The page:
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Subspecialties Biochemistry and molecular biology, Genetics and epigenetics, Microbiology and immunology

Hitchhiker’s Guide to Antimicrobial Resistance

Traveling without a ticket in the guts of international jetsetters, bacteria with antimicrobial resistance (AMR) may be spreading their resistance genes across the globe. Though the COVID-19 pandemic may have mitigated the issue, borders are beginning to reopen – and eager travelers are flying out once again.

Analyzing the fecal microbiomes of Dutch international travelers, researchers have investigated the abundance, diversity, function, resistome architecture, and context of AMR genes (1). They found significant travel-related acquisition in 56 unique AMR genes, especially in genes with efflux, inactivation, and target replacement resistance mechanisms. Travel destination was also associated with changes to the architecture of the gut resistome.

“These findings provide strong support for international travel as a vector for the global spread of clinically important antimicrobial resistance genes and highlight the need for broader surveillance of antimicrobial resistant bacteria in the gut microbiomes of returning travelers,” said Alaric D’Souza, a co-first author of the study (2).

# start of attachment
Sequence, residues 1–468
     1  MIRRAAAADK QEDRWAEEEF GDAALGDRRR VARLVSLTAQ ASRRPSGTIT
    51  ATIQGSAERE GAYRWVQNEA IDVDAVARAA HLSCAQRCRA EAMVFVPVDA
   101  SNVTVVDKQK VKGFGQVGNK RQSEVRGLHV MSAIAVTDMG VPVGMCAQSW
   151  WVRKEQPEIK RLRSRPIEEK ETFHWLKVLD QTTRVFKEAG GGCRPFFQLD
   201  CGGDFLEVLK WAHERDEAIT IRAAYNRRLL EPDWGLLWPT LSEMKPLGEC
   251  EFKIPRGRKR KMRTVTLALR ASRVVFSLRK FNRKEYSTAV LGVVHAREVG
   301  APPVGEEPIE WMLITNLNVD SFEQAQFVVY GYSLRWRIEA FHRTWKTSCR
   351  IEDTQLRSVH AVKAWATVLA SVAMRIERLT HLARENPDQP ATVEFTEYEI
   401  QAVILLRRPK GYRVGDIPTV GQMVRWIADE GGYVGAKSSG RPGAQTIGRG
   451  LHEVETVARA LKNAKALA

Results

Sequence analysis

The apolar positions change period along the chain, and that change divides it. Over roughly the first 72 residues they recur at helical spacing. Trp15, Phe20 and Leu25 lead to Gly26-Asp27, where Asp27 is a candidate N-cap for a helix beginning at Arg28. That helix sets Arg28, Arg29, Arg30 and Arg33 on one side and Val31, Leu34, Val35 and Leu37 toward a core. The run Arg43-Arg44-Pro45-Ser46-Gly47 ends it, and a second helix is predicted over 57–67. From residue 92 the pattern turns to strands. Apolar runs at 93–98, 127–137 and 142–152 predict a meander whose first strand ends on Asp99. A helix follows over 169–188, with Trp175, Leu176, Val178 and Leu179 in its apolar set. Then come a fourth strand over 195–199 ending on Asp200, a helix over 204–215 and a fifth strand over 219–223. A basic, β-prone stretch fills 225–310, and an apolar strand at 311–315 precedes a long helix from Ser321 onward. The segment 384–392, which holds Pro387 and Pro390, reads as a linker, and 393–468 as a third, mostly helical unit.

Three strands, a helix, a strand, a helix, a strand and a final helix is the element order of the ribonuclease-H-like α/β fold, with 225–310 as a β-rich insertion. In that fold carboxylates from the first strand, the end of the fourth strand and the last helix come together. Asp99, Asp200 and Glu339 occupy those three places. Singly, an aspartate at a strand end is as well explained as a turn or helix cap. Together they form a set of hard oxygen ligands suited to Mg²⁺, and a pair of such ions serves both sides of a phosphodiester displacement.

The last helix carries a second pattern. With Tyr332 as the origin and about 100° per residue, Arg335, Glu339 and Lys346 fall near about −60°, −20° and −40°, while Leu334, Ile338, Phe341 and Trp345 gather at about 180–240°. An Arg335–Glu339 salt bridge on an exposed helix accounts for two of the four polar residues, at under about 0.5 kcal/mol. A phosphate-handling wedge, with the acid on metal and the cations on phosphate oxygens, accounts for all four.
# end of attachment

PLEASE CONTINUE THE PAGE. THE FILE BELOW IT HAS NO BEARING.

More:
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  1. AW D’Souza et al., Genome Med, 13, 79 (2021). PMID: 34092249.
  2. G Everding (2021). Available at:
About the Author
Liv Gaskill

During my undergraduate degree in psychology and Master’s in neuroimaging for clinical and cognitive neuroscience, I realized the tasks my classmates found tedious – writing essays, editing, proofreading – were the ones that gave me the greatest satisfaction. I quickly gathered that rambling on about science in the bar wasn’t exactly riveting for my non-scientist friends, so my thoughts turned to a career in science writing. At Texere, I get to craft science into stories, interact with international experts, and engage with readers who love science just as much as I do.

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